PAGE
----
Polarization

Charged objects exert forces on each other.  But even objects that have no net charge can be acted on by electrical forces.  Consider the case of a neutral insulator placed close to a positively charged rod, as shown in the figure below.

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The electrons in the insulating material are bound to their atomic nuclei.  They are not free to move throughout the material.  But the electric field produced by the positive charges on the rod attracts the electrons and repels the nuclei.  The electrons are therefore no longer symmetrically distributed around their nuclei, but are pulled over to the side closer to the rod.  The net effect is that the entire negative charge is displaced by a small amount with respect to the positive charge in the material. This results in an effective surface charge density, which is negative on the side close to the rod and positive on the side farther away from the rod.  This is the phenomenon of electrical polarization.  The field of the rod decreases with distance, so the attractive force on the negative surface charge is stronger than the repulsive force on the positive surface charge.  The material is attracted towards the rod due to its polarization.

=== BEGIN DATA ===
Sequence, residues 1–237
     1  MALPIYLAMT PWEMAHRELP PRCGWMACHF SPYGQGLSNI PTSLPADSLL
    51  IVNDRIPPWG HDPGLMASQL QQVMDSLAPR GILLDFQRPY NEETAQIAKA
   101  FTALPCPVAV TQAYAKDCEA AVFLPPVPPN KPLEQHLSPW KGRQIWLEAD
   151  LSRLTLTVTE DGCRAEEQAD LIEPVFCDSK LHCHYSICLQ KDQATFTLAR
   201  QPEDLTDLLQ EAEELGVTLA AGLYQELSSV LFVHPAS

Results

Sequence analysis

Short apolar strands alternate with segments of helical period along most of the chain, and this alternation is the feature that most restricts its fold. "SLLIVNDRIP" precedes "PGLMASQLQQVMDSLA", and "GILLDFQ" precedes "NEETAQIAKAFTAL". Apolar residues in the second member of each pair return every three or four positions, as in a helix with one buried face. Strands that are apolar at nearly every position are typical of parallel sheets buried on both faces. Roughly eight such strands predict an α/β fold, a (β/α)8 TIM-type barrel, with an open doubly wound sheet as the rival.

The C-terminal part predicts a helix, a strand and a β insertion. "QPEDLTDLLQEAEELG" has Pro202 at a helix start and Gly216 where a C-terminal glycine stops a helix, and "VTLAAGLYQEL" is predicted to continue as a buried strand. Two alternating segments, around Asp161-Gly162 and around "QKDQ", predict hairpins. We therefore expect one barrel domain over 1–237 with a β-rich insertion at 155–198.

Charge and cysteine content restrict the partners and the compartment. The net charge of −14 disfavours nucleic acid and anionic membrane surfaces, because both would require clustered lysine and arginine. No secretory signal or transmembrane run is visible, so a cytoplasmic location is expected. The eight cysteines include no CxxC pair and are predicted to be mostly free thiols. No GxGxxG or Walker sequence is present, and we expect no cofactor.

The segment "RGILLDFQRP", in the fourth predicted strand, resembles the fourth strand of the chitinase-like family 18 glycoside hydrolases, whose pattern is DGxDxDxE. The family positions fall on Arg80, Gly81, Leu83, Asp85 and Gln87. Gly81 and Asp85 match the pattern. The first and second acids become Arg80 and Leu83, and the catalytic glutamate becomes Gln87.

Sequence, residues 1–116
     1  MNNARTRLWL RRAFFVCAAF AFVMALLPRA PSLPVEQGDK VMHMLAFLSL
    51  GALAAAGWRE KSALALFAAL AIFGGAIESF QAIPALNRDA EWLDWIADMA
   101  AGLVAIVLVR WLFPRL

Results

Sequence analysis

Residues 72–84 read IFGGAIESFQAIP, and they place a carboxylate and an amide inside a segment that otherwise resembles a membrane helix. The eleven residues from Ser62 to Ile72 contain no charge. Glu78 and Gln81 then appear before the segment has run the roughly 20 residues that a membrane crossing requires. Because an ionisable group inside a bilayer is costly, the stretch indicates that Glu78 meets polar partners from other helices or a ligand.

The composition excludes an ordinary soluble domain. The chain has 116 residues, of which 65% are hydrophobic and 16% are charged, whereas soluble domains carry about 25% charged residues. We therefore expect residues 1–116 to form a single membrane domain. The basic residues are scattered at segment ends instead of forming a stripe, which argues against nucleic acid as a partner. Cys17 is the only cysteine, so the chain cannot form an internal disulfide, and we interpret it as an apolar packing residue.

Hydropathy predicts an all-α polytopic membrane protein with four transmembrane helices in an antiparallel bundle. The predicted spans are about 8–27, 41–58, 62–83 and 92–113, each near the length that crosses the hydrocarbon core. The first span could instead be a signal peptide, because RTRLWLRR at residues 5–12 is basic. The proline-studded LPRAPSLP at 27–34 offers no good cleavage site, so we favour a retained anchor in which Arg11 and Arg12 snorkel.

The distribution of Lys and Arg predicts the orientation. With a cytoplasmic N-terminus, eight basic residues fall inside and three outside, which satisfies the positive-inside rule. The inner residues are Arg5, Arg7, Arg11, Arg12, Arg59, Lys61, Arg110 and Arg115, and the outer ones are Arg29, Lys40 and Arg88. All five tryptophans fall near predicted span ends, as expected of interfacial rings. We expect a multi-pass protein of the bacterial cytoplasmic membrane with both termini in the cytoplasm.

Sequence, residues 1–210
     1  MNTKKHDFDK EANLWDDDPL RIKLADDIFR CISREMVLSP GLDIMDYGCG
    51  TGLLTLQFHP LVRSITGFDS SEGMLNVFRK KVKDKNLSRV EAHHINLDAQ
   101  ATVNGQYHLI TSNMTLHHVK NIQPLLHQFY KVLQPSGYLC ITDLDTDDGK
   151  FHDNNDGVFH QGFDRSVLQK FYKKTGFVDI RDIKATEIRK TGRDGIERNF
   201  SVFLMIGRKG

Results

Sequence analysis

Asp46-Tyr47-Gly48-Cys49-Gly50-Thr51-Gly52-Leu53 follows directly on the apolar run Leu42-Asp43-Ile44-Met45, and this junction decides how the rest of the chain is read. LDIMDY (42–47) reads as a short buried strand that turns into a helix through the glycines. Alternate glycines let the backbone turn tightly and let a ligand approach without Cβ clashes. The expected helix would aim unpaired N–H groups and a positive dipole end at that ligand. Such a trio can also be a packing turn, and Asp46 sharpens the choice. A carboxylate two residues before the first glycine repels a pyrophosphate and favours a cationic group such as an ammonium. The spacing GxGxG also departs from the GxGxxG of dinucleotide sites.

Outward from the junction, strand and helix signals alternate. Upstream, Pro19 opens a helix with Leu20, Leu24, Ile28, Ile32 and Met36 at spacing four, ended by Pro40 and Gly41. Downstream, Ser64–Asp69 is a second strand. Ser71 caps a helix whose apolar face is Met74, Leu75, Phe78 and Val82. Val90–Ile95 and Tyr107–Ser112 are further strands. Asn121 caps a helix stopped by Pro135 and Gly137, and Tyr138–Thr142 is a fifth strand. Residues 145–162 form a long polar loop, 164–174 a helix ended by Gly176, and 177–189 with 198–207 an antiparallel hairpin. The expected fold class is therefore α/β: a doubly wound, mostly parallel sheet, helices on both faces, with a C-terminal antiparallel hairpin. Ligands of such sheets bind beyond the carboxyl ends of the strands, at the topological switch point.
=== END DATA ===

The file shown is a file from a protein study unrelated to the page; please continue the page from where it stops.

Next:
If, instead of an insulator, we have a conductor, then an excess of free electrons gathers on the side close to the rod, and the side farthest away from the rod is depleted of free electron and therefore has a net positive surface charge.  Again the material is attracted towards the rod.